The bell at the First Congregational Church has been silent for many years now. A newer electric bell installed about 15 years ago was much easier to ring than the 1,600-pound bell that had lived atop the church in the center of Rochester since 1892. But on November 20, the historic bell rang out its resounding D-note toll one final time from the top of the church steeple before it was lowered via crane to the ground, the final stage in the structural renovations of the church.
“There’s a lot of history in that bell,” as Bruce Rocha of Fisher & Rocha, Inc., contractor for the church renovations, put it. The bell was cast in 1892 by the Blake Bell Company of Boston owned by William Blake, an apprentice of Paul Revere III, grandson to our famous bell maker Paul Revere. Revere started the company Revere and Sons in 1801, which was passed down to his sons Joseph Warren Revere and Paul Revere Jr. The company evolved into the Blake Bell Co. in 1890.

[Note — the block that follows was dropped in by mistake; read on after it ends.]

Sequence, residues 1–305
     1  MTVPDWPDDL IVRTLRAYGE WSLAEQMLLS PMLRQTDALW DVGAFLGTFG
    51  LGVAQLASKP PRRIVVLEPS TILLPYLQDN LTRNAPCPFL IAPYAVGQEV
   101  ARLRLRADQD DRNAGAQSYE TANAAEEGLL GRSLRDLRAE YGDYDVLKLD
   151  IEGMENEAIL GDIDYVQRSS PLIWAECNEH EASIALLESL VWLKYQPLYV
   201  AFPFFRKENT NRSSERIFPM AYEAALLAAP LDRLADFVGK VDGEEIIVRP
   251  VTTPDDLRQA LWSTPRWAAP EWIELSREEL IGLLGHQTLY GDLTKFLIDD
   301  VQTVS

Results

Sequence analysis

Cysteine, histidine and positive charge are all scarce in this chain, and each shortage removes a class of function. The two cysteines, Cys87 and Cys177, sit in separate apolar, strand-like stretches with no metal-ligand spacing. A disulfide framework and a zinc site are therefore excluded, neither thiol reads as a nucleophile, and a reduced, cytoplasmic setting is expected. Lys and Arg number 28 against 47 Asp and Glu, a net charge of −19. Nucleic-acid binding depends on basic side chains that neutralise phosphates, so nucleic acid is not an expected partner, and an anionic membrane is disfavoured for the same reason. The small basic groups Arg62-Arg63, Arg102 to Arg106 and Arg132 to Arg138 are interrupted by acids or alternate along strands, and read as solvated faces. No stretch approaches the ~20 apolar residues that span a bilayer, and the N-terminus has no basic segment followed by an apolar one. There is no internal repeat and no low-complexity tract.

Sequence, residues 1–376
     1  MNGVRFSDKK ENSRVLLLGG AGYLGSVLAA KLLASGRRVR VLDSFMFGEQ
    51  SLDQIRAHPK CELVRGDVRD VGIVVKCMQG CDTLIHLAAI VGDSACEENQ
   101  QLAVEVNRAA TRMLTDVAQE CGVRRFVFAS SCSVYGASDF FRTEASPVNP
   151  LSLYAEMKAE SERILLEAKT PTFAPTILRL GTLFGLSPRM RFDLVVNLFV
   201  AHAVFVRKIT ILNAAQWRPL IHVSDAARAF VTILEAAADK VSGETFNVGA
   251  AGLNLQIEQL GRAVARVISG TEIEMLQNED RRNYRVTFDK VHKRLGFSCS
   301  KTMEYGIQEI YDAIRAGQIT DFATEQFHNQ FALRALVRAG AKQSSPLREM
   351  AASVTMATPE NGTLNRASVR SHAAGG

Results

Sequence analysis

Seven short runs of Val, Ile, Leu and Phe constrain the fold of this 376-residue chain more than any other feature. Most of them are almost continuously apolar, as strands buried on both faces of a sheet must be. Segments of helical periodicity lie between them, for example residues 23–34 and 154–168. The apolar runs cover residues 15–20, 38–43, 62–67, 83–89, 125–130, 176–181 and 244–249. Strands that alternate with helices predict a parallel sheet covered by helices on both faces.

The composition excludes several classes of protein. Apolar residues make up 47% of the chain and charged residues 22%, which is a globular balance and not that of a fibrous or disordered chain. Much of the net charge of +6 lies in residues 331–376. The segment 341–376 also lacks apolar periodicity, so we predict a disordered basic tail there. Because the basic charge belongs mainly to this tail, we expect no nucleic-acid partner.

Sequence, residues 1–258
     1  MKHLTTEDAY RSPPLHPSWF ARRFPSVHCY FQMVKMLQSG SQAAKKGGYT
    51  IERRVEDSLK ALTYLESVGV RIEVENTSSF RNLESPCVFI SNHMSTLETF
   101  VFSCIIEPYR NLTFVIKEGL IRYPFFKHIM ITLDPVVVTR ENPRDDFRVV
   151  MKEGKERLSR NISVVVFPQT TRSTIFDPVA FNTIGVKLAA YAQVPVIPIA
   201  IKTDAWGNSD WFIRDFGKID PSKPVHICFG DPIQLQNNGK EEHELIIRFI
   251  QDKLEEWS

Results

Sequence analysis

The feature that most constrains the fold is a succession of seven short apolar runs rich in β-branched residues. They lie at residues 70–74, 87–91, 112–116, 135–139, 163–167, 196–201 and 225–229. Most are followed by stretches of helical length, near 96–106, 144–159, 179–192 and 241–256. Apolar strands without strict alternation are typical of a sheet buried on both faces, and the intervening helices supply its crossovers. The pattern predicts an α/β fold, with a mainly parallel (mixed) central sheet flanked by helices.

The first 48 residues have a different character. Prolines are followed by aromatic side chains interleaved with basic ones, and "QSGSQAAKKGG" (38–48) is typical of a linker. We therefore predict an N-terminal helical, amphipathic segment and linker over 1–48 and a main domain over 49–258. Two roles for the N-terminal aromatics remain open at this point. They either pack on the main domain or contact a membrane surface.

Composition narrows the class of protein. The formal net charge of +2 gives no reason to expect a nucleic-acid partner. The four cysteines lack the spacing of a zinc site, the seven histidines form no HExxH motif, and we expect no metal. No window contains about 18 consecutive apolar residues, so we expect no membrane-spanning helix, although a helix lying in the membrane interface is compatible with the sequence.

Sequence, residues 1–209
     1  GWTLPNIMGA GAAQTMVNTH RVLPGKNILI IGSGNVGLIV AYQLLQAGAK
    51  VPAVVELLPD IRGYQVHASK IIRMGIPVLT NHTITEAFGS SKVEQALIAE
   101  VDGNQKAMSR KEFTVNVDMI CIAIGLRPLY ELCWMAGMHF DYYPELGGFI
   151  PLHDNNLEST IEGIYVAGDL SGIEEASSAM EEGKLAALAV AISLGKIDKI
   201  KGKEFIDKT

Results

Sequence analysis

It took a crane crew about an hour to extract the bell from its very tight living quarters towering above Rochester Center. Rocha said they were just lucky that the crane head was able to squeeze in to retrieve the bell.
The weight of the bell on the church tower’s structural support was simply too much to justify keeping in a bell that was no longer used.
The bell remains part of the history of the old church, and after it is stored for a period of time and refurbished, the bell will be returned to the grounds of the First Congregational Church of Rochester and put on display.
By Jean Perry